Ergonomics of Babywearing: Bjorn-like narrow seats and facing out

One of our VBEs, Taryn Leary, wrote this post.

Most parents enter babywearing at the same place– structured carriers that they can buy from the local Walmart or Target. While it is wonderful that these products can introduce new parents to the joy and benefits of babywearing, most of these products are not made with baby and mother’s health and comfort in mind.

Bjorn carriers and other narrow seats
Some carriers have very narrow support pieces that hold the baby by just their bottom and crotch area, with legs dangling straight down. This is not the normal sitting position that you or your child would be comfortable being in for any length of time. I often desribe it as being like to standing on a bicycle that is too tall for you– definitely not ideal. There are medical concerns as well. Some experts feel that a baby being put into such an unnatural position too frequently could lead to hip dysplasia or put too much pressure on the developing spine. Some may dispute this burgeoning research, but I feel that regardless of whether it is damaging, there is no reason to waste money on a carrier that is not comfortable for baby or for the wearer. These carriers become unbearable on the wearer’s back by around 15lbs– Why not pay the same money for higher-quality product that can be used into toddlerhood?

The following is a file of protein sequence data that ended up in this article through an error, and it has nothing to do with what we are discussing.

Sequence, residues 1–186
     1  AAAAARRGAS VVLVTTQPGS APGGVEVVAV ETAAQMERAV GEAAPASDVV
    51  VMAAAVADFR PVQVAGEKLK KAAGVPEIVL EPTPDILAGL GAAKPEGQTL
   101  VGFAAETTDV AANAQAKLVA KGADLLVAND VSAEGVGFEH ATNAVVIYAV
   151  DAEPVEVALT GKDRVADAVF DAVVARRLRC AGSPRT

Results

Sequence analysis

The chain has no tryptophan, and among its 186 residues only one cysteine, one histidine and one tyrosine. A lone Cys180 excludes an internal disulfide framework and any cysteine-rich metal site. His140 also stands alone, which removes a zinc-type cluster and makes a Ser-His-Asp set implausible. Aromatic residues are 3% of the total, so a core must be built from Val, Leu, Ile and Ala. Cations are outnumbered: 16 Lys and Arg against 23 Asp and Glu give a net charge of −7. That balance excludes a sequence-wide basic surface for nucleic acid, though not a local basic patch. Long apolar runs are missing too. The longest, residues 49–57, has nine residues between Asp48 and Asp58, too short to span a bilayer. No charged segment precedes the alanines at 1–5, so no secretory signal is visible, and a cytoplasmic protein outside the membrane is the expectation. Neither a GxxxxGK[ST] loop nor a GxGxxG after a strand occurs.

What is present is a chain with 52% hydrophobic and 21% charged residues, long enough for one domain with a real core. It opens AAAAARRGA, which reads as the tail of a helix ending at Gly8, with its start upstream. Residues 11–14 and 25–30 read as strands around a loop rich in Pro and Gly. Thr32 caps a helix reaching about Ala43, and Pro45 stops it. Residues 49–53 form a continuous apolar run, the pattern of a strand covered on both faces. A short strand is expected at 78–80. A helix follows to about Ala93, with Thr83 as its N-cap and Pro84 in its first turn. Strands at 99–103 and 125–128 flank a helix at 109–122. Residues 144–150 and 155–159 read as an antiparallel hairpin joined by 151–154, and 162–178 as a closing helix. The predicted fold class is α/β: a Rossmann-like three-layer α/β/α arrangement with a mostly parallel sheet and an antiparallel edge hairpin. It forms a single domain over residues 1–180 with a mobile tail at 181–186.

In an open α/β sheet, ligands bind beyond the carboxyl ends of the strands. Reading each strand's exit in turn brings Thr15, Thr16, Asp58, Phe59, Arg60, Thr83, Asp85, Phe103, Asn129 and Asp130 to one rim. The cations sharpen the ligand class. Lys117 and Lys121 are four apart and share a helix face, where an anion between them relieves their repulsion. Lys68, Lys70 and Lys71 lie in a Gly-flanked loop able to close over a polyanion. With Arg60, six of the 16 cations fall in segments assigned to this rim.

Facing Foward
The issue of babies facing forward (away from the wearer) is less clear cut.  Most forward-facing is done in sync with a narrow seat carrier, unfortunately. When a baby is facing out with legs down, it is very difficult (if not impossible) to properly support their legs all the way to the knee, as is necessary, which almost always leads to a their legs being in a dangling position. This is a problem in itself, but there are other factors to consider. A forward facing child’s back is hollowed, and their weight pulls away from the wearer. It ergonomically does not make sense when the natural position that you would hold your child in-arms would be facing you, with their legs spread around you in a seated position. There is also concern in the babywearing community with overstimulation while facing forward. The child cannot turn away from the commotion and burrow into their parent, which can cause undue stress.

Keeping all of this in mind, your child CAN face foward if done responsibly, with ergonomics and their emotional health in mind. If worn with legs “froggied” inside the carrier (inside of a wrap or ring sling, most often) for a short period of time, forward facing is a viable option.  Read more on this topic at Meredith’s blog or here.